I found myself drawn to two very different Cabernets. First, there was the luscious and juicy Hunnicutt 2012 Beckstoffer Georges III Vineyard. Made by Kirk Venge, its forward and seductive and ripe fruit reminded me of the old Groth Reserve Cabernets his father Nils made back in the ’80’s and ’90’s. I think the ’12 Hunnicutt will age better than those Groth wines, it has a nicely integrated layer of chalky tannin, and a lovely and lingering finish. Its all blackberry and cassis, a wine Parker would label “hedonistic.” I just wanted to gulp it. And, no, it wasn’t sweet with residual sugar. So Laube will hate it.

I was also crazy about a wine that is stylistically worlds apart from the Hunnicutt—the stately and beautiful Freemark Abbey 2012 Cabernet Bosché. Oh, boy, this is classic Rutherford Cabernet by anyone’s definition. Tasting it was like running into an old friend. I hope folks don’t ignore this wine because the glory days of Freemark Abbey are long behind us. A lot of cult wines have come and gone since then. This is polished, restrained, elegant wine, but one that is bursting with fun—Charlize Theron in Dior. Ted Edwards certainly knows his way around Bosché Vineyard fruit, and, handed a great vintage, he knew what to do with it. I doubt it will be cheap (the ’11 Cabernet Bosché is $100, and Jackson Family Estates isn't shy about raising prices, so we’ll see), but you can be dead certain that it will become a classic. Maybe not ’41 Inglenook classic, but classic. Very different style than the Hunnicutt. I can’t say I prefer one style over the other, any more than I like the Marx Brothers more than the Smothers Brothers. I don’t have to choose, I’d rather embrace them both. Though the Freemark Abbey and the Marx Brothers will live longer.

I was also very impressed by the two wines Flora Springs offered. I nearly passed them by. My recent experiences with Flora Springs haven’t been especially memorable. Yet the Flora Springs 2012 Rutherford Hillside Reserve was beautiful. It’s what you expect from great Napa Valley Cabernet. Pure, elevated, intense aromas and flavors of blackberries, cassis, expensive oak (that should integrate more with some bottle age) and its cocoa component, and a very sweet fruit finish. Another very elegant Cabernet, one I’d love to spend a few days with to watch it develop. Another wine I’d think would be long-lived and a cellar treasure. The Flora Springs 2012 Trilogy was also terrific. Very different, it was far more open-knit, more accessible and flashy. A wine a sommelier likes because it’s drinking well already, and folks are going to want to taste the 2012’s. I prefer the Hillside Reserve, but the Trilogy is beautiful, and shows a steady hand from the winemaker. I’d happily slug it down.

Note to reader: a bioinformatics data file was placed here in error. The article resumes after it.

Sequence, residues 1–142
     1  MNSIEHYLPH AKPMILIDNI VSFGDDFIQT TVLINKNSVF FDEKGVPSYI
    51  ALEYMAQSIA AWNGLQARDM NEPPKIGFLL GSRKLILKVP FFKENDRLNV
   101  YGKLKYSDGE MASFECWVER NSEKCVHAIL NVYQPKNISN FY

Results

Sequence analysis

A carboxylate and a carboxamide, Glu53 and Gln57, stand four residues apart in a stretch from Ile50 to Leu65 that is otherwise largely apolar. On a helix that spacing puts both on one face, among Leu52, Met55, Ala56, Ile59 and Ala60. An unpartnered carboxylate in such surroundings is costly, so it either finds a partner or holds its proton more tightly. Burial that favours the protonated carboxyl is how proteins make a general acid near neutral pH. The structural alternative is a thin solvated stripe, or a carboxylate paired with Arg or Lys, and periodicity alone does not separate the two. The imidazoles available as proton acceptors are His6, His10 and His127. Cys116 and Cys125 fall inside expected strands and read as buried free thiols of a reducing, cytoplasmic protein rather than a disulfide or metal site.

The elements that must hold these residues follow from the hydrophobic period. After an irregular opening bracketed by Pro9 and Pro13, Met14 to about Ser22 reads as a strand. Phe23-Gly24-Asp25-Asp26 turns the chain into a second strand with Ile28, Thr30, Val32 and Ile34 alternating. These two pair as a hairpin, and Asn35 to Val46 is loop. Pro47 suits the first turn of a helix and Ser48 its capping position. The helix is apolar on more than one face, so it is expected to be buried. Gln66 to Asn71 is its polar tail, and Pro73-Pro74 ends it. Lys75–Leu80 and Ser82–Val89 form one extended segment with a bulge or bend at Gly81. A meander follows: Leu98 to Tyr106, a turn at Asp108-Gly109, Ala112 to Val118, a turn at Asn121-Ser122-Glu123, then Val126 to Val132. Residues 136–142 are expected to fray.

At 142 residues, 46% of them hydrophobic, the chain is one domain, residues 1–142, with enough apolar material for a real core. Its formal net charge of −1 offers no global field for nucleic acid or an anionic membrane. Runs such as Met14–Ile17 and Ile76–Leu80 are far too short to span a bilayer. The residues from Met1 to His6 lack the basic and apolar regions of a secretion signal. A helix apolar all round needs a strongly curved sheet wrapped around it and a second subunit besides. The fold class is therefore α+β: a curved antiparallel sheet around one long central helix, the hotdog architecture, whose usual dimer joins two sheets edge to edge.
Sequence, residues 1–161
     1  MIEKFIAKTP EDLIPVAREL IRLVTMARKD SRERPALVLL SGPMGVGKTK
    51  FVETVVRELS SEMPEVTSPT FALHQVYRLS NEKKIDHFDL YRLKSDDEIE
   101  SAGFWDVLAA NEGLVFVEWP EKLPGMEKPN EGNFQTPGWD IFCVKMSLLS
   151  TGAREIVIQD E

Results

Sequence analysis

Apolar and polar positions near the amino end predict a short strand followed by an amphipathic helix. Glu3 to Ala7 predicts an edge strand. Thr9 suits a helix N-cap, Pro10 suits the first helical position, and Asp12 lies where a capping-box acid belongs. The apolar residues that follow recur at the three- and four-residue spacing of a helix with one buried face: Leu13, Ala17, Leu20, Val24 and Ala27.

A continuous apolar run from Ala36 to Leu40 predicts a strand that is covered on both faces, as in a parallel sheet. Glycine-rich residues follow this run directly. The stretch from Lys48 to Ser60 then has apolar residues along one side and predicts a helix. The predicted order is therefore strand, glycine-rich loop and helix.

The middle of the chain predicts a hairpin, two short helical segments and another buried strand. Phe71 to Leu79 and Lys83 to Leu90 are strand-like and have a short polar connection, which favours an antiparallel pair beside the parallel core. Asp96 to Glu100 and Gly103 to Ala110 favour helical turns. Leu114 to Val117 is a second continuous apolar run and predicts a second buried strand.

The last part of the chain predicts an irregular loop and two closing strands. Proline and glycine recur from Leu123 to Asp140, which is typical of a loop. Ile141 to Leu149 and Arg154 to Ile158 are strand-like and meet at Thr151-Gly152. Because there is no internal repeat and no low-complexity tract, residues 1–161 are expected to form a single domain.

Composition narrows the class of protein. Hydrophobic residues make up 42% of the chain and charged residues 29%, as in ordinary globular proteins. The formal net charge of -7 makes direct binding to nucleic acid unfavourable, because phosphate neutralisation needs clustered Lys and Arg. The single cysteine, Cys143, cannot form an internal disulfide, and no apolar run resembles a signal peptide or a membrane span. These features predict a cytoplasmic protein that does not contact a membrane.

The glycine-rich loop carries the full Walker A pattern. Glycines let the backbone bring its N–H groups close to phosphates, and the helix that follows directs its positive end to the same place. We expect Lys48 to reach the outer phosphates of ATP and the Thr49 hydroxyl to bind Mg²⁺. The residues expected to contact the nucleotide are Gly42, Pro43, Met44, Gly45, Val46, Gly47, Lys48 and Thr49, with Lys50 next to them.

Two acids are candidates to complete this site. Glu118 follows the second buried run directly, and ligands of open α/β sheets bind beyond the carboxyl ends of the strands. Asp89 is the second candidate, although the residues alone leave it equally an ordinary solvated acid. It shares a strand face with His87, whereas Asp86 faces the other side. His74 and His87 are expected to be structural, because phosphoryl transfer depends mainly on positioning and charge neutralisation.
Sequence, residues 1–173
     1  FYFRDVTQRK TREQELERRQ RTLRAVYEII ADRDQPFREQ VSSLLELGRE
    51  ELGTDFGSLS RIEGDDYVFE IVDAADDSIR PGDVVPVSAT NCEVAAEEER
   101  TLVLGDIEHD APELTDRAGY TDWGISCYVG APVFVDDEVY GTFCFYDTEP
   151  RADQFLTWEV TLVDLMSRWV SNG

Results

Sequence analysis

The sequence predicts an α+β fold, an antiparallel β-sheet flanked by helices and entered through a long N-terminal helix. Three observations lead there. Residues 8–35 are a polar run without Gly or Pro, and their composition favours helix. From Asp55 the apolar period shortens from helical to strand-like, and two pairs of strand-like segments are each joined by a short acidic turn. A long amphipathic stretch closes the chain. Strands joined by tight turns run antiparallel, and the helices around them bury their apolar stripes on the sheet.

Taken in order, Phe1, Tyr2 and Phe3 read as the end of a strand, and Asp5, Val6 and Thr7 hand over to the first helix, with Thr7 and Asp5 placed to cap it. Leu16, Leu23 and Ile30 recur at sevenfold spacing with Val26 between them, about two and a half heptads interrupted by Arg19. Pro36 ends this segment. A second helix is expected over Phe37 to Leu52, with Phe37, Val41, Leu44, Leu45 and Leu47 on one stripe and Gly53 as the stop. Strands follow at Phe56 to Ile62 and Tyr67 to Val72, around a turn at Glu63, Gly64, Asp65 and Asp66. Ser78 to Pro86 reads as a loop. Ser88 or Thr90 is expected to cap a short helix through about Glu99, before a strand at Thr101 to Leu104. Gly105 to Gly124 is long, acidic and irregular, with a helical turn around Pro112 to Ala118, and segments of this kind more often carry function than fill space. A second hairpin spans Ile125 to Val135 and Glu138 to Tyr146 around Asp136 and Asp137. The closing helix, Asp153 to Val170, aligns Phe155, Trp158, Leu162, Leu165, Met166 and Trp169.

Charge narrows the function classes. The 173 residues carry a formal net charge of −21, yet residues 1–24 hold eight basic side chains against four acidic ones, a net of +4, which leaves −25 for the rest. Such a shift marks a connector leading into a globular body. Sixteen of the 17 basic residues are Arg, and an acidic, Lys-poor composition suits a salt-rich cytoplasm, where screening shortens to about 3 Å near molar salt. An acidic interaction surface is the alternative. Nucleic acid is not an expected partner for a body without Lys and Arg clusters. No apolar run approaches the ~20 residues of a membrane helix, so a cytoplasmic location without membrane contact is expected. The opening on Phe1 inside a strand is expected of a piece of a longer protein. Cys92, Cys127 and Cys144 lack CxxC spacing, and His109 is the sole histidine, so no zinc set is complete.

I don’t want to bore you much longer. I also very much liked the Frank Family 2012 Patriarch, but it’s $225, and no one who reads my crappy blog can afford $225 for wine. They can barely afford to subscribe. It was a gift to get to taste it though. It was quite good.

Finally, a plug for what was, I think, about the cheapest Cabernet in the room, the Chaix 2012. It’s $60, and worth every dime of that. My first note about it reads, “Cab all the way.” Which is how I should have driven home, but actually meant that the wine smelled like textbook Rutherford Cabernet. I love restraint in wine. In fact, I think that almost every great wine has restraint. The Chaix has that. Made by Sam Baxter, the Chaix is seamless. Maybe not the best wine in the room (way too hard to tell at this point, and what do I know?), it was filled with character and quality. Black fruits, loamy, even a kind of stony character, the wine had so much personality and life, I was jealous. I need more of both.